Fortunately, because I knew then what I wanted to do, I was able to look at what A-Levels I needed to select; Maths, Physics, and Biology. I think what possibly sometimes happens is that if you don’t know what you want to do for your degree when picking your A-Levels then you’re not going to have Maths for example. This can make it more difficult to get into a STEM career such as engineering, medical engineering, and software development, etc. 

Being in a leadership role now, going from Manager to Group Head of R&D, how did you reach that level of success?
When I joined SLE, I helped to bring a project up to speed with various changes to improve the deliverable timescales this also assisted with how people work together and improved communication. A big thing that people saw in me, and another colleague, was getting the project delivered. We both continued to make changes within the R&D team to help achieve a more collaborative environment throughout the business.

So what does your average day look like?
Normally back to back to meetings. Slightly away from the hands-on engineering and more focusing on budgets, product deliverables, roadmap, and day-to-day activities. The main project I am working on now is how to combine the R&D teams across the business and maximise the engineering resource and capabilities  So aligning the processes, the engineering tools used, and methods used, as well as combining teams, including bringing the engineering team leaders together in a cohesive organisation. A lot of people management and making sure that everyone in the engineering team understands the mission and has the tools they need to execute the projects on time to meet the companies objectives. 

Back to women in engineering, do you think there is a stereotype? 
I don’t think there is a stereotype of women engineers but I do think stereotypes exist that most engineers are men. Women engineers must help to change that perception.

What advice would you give to someone looking to get into engineering?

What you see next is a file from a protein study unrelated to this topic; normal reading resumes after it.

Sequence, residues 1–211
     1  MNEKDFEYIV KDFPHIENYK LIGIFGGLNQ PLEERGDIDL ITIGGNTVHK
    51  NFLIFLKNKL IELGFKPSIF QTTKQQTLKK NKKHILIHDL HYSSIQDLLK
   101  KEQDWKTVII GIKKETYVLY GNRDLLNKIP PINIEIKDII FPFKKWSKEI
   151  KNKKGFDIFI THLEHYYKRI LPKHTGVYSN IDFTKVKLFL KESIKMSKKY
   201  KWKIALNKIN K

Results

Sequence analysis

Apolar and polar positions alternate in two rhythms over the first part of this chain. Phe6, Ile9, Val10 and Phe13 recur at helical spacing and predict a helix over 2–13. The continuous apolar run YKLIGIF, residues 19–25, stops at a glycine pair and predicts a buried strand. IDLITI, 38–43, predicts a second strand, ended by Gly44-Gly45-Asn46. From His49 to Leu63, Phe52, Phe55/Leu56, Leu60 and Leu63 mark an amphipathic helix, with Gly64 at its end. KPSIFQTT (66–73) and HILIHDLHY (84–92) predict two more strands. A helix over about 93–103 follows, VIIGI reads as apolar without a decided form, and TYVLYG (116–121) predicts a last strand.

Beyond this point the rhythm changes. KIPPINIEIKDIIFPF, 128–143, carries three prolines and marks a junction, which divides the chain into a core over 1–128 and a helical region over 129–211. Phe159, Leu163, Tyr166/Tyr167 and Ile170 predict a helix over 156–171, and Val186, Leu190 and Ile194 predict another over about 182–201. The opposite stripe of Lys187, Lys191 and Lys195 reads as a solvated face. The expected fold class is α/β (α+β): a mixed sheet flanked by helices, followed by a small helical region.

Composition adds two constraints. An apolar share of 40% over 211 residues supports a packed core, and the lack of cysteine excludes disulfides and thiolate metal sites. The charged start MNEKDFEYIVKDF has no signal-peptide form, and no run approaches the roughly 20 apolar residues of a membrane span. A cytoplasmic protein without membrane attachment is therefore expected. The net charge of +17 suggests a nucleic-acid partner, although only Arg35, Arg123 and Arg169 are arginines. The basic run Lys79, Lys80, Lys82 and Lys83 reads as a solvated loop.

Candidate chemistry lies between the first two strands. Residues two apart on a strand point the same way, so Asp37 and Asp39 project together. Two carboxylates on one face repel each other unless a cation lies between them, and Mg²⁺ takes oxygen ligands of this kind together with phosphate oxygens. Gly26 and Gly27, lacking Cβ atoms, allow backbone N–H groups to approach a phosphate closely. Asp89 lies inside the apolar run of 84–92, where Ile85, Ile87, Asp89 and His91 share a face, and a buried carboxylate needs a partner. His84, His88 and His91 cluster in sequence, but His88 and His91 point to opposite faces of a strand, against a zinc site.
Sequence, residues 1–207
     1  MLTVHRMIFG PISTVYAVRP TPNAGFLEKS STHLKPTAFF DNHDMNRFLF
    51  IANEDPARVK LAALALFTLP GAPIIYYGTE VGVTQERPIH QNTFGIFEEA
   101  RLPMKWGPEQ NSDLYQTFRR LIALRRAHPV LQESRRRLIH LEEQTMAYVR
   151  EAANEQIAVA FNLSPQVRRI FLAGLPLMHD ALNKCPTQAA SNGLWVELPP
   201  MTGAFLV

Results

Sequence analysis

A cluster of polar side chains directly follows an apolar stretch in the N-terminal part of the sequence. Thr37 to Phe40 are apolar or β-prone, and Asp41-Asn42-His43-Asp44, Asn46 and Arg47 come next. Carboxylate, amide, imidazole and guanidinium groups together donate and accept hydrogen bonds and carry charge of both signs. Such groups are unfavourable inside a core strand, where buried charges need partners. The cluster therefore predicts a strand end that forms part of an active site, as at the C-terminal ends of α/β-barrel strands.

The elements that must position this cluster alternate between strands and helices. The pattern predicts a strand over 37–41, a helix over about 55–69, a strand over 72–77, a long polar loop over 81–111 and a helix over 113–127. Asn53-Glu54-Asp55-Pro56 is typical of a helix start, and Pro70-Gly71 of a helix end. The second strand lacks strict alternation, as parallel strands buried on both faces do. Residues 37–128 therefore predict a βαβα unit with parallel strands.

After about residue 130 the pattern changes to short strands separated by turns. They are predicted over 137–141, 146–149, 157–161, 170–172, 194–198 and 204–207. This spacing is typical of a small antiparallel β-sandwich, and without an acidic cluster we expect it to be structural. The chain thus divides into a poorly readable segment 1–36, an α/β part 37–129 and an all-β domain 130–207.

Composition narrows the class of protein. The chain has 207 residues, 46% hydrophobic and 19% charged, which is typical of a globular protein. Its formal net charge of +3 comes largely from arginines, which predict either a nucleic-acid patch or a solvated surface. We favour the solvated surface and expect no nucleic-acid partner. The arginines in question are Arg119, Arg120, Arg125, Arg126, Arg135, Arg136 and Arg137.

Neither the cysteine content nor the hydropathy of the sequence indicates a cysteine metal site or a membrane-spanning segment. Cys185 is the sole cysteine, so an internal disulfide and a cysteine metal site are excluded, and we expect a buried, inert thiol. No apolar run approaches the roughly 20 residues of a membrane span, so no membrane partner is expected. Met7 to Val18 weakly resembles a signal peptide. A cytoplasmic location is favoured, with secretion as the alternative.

It does depend on age but I think it is important to pick the right A-Levels. If you are planning to undertake a degree course in a STEM subject then doing a year in industry is exceptionally beneficial. Gaining some work experience makes a big difference to getting a job afterward but also allows an individual to target the particular discipline they made be interested in i.e. software development, product design, mechanical design, etc.

What benefits would you say would you get from engineering.
If you’re a person who likes to see things achieved, working on a project that has an output and something tangible like a product. In our case a product to save babies. Even consumer goods working on products people want or desire, looking back and being part of a team to say ‘I designed the screen for that’, it brings great satisfaction. Monetarily, it pays above the national average, so why wouldn’t you want a job in engineering? There is a global shortage of engineers, and as the world digitalizes, engineers become ever more important.

So why do you love engineering?

I think it’s because I am good at it and I like to be good at things. Doesn’t mean that every day is enjoyable. The satisfaction of achieving things, and problem-solving too, The main thing most engineers like to problem solve and when things go wrong, finding out why and how to fix it, bring enormous satisfaction to our jobs. 

 

Interviewer
Cathy Swain is a Senior Consultant, specialising in engineering and technical Contract and Interim recruitment. Cathy is passionate when it comes to R&D and a keen advocate of Women In Engineering. She was awarded the Level 3 Certificate in Recruitment Practice, with merit and is a full member of the Institute of Recruitment Professionals (IRP).

To find out more about Contract and Interim recruitment solutions and our Insurance Backed IR35 Assessment Tool, please contact Cathy on 01582 878858 or email CSwain@RedlineGroup.com.